Over the summer break, we sat on the beach and by the pool and for the first time since last October when I was last away, I did nothing. It’s a great feeling, that ‘doing nothing’ when all you have to think about is what drink to have next and is 11 am too soon for one! It takes a while to settle into that mindset as humans we are genetically and socially programmed to be doing, in spite of the fact we are human ‘beings’, where ‘being’ should be enough, we should really be called human ‘doings’ because we have to ‘do’ to survive.
The issue that sits across all organisational theory and theorist from Maslow to Taylor and Herzberg to Weber is how much is it reasonable to expect a human to ‘do’? How much we ‘do’ with a given set of resources within a set amount of time is measured through and by the concept of Productivity.
Over the summer, I have been reading a few articles and papers on productivity, as I am especially interested in how organisations increase productivity and yet at the same time still get their employees to highly regard them as employers and just love working for them.
Intuitively increasing productivity should always mean getting more from less. We have over the past ten to twelve years all got used to this concept as during this time period organisations have had to adapt to the changes in the world economy. In response to this a few organisations have acted counterintuitively and actually asked their employees to work less, but at the same time gave them pay rises. These organisations, in particular, can then allegedly boast that their productivity measure has increased significantly.
One article I read claimed the following;
“Giving workers more public holidays and raising their wages could boost the strength of the British economy”.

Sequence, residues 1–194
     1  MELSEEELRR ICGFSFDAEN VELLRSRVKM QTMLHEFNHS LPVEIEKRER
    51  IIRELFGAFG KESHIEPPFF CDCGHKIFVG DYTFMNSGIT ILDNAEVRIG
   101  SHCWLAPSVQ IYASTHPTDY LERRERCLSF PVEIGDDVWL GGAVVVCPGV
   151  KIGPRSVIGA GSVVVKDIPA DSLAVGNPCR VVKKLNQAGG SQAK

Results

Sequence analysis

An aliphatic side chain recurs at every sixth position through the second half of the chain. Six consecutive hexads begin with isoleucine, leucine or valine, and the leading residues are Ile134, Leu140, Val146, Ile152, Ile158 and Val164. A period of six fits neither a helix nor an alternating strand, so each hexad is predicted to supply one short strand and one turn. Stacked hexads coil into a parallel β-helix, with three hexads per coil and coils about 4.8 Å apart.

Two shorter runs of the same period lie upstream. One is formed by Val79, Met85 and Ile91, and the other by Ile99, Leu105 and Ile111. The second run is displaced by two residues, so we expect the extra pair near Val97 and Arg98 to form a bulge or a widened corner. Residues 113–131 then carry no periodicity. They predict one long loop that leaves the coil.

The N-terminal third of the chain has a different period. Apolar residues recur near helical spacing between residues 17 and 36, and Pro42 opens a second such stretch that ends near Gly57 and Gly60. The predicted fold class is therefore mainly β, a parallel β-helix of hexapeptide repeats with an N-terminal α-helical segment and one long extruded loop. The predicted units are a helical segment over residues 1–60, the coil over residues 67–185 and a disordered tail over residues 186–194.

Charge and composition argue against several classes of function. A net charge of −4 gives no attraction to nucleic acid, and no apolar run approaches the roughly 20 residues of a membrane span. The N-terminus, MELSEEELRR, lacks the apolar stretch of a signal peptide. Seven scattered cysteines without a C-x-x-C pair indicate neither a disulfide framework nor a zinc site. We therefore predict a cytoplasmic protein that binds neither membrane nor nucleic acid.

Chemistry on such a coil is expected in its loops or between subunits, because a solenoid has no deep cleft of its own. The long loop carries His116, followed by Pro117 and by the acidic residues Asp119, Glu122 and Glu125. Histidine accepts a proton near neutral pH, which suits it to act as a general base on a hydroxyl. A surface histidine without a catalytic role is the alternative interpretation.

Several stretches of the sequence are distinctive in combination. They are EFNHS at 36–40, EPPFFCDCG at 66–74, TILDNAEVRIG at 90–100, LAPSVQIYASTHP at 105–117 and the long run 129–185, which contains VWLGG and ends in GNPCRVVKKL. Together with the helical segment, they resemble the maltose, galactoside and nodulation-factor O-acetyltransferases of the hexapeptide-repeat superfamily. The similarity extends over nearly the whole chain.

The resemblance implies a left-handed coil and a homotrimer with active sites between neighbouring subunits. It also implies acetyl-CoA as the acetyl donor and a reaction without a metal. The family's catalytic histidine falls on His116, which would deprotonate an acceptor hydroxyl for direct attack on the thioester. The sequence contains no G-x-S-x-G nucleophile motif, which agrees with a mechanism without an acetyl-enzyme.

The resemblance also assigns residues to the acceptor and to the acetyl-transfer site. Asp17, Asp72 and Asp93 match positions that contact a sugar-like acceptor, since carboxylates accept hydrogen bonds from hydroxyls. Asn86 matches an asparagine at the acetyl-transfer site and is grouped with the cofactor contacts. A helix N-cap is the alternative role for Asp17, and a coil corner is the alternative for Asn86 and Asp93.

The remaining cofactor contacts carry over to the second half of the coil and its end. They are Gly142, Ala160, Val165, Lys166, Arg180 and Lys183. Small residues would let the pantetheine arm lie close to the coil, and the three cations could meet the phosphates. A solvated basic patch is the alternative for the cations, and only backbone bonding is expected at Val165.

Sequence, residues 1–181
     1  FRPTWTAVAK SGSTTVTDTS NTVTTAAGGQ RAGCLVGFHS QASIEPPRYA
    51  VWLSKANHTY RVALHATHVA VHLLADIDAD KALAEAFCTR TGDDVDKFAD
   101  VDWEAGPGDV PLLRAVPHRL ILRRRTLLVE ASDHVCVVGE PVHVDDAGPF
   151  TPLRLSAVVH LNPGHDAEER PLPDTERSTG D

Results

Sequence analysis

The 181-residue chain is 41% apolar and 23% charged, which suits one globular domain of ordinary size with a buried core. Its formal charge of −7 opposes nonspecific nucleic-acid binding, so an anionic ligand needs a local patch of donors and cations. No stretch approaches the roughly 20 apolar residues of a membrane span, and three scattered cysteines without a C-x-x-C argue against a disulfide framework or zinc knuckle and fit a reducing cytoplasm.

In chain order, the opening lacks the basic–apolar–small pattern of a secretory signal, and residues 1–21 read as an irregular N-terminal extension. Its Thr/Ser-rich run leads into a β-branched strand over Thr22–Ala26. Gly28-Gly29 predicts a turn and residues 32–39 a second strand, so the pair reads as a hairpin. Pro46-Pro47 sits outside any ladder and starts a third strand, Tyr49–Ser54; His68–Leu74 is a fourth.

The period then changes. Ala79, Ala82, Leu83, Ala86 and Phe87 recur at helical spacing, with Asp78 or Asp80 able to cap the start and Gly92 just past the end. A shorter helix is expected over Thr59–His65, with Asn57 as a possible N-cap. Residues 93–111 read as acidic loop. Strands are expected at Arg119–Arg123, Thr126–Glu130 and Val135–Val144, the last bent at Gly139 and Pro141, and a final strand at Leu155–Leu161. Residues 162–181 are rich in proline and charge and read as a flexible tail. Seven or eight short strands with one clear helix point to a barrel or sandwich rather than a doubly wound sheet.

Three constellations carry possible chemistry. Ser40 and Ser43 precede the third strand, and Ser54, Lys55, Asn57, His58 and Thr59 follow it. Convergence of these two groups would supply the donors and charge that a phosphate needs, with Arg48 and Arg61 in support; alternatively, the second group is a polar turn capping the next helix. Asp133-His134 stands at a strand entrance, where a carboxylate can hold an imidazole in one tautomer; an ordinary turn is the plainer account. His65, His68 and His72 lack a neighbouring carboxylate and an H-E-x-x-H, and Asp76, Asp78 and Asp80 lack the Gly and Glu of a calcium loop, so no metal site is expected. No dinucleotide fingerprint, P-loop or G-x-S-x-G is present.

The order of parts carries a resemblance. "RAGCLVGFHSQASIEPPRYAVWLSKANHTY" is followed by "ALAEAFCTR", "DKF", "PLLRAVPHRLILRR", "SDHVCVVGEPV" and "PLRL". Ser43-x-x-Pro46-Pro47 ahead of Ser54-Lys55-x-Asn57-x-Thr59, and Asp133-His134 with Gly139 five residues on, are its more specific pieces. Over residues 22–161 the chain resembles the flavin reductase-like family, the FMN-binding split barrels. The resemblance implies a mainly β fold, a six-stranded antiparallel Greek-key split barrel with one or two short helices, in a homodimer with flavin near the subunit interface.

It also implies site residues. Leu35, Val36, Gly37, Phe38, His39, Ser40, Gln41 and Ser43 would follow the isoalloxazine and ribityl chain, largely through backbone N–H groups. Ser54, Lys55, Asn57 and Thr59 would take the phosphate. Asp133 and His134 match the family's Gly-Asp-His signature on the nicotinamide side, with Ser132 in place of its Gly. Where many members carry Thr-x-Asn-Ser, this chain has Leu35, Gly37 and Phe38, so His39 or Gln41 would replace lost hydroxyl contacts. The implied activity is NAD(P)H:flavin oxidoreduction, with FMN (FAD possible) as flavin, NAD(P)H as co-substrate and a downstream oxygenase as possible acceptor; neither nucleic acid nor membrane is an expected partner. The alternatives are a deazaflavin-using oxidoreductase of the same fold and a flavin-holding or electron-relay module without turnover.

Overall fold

The New Economics Foundation said that driving up the spending power of consumers would give firms a greater incentive to raise their productivity, as they could have greater confidence there would be demand for their products and services.
The foundation claims that putting more money in workers’ pockets and at the same time giving them more time to spend it would help the UK as it struggles to improve the efficiency of the economy as Brexit looms and after a decade of faltering gains. Productivity – economic output per hour of work – has failed to grow each year at the rates seen before the financial crisis of 2010. Boosting Britain’s productivity is an important target for the government through its industrial strategy, as improving the efficiency of the economy can help companies raise workers’ pay levels and drive up living standards.
Britain improved its productivity by about 2% per year over the last four decades before the financial crisis. However, productivity growth has slipped to about 0.7% a year since then. Brexit will inevitably compound the problem, with organisations freezing their investment plans due to political uncertainty.
As part of efforts to improve Britain’s productivity track record, the foundation said the government should drive up the minimum wage faster than already planned and ramp up spending on public services by as much as £32bn a year by the mid-2020s. It suggests that workers should get a national weekly allowance worth £2,500 a year instead of the tax-free personal allowance, while the government should create a new body to provide guidance on raising the number of UK public holidays. British workers have among the fewest paid days off in Europe. The UK minimum is 28 days, while in the EU it ranges from 30 to 40 days. 8 of the British days are often the ‘Public Holidays/Bank Holidays’.